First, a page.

• Like
Reactions: 4 users

LizzyM

the evil queen of numbers
15+ Year Member
Mar 7, 2005
25,018
41,799
Candor Chasma
Status (Visible)
  1. Academic Administration
I like to do 3 professional things followed by 3 personal... it keeps me from rambling. Something such as, "Well professionally, I have degrees in [making stuff up here for some modicum of anonymity] music and in chemistry, I'm a former pharmacist and now I'm completing my Master's degree in physical chemistry. More personally, my husband and I built our cabin in underserved area X, we have 3 guinea pigs and a duck, and I'm a published novelist, something I'm really proud of. " How does that work?
That's good. This question is often asked by someone who didn't have time to read your application and needs something to direct further questions. It is your chance to highlight what you'd most like to talk about Some people would throw in something about their clinical experience and/or research activity, particularly if it is current and has been long-term. Something personal is good, too, as it is an opportunity to connect with someone around a shared interest or just help the interviewer see you as a multi-dimentional person.
 
  • Like
Reactions: 5 users

Matthew9Thirtyfive

Do it.
Staff member
Administrator
Volunteer Staff
5+ Year Member
Jan 11, 2016
22,027
39,016
Status (Visible)
  1. Medical Student
I like to do 3 professional things followed by 3 personal... it keeps me from rambling. Something such as, "Well professionally, I have degrees in [making stuff up here for some modicum of anonymity] music and in chemistry, I'm a former pharmacist and now I'm completing my Master's degree in physical chemistry. More personally, my husband and I built our cabin in underserved area X, we have 3 guinea pigs and a duck, and I'm a published novelist, something I'm really proud of. " How does that work?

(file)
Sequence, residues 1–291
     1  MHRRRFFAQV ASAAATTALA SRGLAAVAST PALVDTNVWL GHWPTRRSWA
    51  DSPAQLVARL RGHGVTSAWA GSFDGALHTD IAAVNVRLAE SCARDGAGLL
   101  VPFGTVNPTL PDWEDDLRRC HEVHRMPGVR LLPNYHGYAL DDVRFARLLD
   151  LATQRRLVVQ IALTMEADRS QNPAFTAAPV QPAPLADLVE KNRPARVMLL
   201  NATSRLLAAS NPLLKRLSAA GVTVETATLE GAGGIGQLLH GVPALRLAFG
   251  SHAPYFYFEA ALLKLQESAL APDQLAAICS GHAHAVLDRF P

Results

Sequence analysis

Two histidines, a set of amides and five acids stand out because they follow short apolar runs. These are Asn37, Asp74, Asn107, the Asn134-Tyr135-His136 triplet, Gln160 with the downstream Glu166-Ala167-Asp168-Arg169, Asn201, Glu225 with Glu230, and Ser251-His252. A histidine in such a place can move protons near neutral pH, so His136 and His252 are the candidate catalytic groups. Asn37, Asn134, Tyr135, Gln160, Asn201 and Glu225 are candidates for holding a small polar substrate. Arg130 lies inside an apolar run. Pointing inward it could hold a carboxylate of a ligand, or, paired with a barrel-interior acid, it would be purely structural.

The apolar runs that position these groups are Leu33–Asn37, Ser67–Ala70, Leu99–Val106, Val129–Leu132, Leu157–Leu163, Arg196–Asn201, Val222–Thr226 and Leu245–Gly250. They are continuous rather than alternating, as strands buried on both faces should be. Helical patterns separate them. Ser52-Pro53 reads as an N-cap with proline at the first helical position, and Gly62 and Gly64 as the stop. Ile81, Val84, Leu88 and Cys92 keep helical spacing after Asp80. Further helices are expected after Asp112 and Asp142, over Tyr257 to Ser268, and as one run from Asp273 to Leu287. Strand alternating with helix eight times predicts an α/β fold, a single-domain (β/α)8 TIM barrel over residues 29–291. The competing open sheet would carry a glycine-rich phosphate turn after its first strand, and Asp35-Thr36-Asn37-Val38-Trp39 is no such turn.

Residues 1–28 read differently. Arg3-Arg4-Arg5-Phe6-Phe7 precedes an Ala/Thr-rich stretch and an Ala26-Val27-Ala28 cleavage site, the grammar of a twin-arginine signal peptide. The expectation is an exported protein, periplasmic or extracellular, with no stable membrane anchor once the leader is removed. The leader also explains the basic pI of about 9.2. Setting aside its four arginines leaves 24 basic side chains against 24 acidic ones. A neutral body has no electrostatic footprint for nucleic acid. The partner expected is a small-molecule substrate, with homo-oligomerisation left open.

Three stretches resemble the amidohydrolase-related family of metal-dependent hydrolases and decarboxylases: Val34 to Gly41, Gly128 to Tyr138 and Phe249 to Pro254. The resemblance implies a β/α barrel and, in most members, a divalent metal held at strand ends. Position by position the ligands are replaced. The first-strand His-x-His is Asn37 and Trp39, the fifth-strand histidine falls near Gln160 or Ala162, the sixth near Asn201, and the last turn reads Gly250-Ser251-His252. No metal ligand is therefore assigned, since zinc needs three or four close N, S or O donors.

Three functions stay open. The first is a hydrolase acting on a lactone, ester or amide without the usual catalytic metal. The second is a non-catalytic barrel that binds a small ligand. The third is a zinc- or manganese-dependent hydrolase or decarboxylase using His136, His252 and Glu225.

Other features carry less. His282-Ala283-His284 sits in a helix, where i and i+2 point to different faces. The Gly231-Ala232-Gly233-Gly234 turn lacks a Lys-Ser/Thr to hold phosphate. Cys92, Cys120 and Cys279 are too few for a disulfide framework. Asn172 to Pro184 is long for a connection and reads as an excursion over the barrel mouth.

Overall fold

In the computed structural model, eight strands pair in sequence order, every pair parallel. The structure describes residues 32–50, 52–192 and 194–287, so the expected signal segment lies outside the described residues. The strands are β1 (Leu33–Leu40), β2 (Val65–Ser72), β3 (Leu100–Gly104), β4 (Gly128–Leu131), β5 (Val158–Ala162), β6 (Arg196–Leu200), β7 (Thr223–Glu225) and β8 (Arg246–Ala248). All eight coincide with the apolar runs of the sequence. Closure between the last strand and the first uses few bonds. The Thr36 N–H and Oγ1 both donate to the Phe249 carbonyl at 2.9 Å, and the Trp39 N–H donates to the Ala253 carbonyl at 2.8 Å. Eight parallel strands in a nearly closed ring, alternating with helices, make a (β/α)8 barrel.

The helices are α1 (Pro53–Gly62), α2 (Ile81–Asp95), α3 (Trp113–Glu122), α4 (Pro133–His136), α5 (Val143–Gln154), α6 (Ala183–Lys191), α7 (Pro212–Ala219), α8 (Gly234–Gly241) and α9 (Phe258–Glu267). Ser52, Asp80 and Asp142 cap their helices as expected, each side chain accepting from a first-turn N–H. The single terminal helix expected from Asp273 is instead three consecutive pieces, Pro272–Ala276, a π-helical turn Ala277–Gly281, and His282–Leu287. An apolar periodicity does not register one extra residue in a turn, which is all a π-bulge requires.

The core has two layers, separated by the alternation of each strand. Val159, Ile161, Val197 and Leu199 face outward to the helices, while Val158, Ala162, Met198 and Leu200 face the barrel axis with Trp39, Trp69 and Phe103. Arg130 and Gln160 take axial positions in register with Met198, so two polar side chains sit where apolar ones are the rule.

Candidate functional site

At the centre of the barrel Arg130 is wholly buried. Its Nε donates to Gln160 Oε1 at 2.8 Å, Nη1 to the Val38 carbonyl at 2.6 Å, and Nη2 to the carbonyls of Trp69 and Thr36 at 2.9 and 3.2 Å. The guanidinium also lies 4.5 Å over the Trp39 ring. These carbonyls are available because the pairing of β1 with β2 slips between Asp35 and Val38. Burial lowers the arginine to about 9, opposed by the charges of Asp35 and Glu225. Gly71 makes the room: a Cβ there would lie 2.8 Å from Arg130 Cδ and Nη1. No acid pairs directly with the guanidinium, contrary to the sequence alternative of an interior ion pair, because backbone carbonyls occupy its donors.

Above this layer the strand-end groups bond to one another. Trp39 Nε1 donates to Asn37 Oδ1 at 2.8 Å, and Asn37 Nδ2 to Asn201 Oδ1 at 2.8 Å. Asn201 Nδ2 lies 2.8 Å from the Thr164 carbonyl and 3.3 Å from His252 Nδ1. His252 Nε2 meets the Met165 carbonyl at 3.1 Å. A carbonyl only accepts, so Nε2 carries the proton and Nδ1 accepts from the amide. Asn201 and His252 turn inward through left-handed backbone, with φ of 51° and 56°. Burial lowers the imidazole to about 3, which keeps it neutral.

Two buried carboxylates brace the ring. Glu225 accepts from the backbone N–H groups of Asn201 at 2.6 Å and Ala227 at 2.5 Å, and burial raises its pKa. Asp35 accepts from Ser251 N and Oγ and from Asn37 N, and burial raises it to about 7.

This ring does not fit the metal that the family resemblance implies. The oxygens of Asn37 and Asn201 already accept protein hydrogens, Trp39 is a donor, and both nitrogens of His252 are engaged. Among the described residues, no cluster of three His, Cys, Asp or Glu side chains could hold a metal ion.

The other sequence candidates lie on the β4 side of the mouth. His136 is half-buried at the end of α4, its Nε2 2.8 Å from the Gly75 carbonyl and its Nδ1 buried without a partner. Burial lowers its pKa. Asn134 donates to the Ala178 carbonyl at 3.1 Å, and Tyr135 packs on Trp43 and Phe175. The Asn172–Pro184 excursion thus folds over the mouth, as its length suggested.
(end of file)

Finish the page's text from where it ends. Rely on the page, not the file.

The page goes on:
This is a great way to answer this question.
 
  • Like
Reactions: 4 users

Frazier

Palliative Emergentologist
10+ Year Member
Nov 12, 2009
4,720
2,432
US
Status (Visible)
  1. Fellow [Any Field]
Keep in mind if the interview is blinded or not. Overall, you want to stay generally concise instead of verbose -- but if they know a good bit about you from paper, you can save that valuable bandwidth for more interesting things than "I'm originally from X, went to school at Y, I want to go into medicine because Z"
 
  • Like
Reactions: 1 users
About the Ads
Jun 25, 2020
146
58
Status (Visible)
  1. Pre-Medical
I recommend watching a couple of Youtube videos on this (e.g. Shemmassian has a good one). Mentioning your hobbies (like piano and reading) and life outside of school/medicine helps paint a fuller picture. For instance, after telling interviewers that I grew up in a city near some large mountains, I used it as an opportunity to tell them how it defined my love for physical activity through hobbies such as skiing, biking, running, etc.

As this question is usually the first, you can often play it to your advantage by leading the interviewers into talking about things that make you a great applicant. The majority of my interviews were closed file so by mentioning my full-time position at 'X' or volunteering at 'X' in passing, it provided my interviewers an opportunity to return to those things if they wanted to know more (most ended up asking follow-up questions). Again, the interviewer doesn't need rambling or your life's story. I roughly rehearsed my answer to this question more than anything so I could keep it concise and interesting.
Thank you, I will practice my answer for this. Your personal example certainly sounds interesting.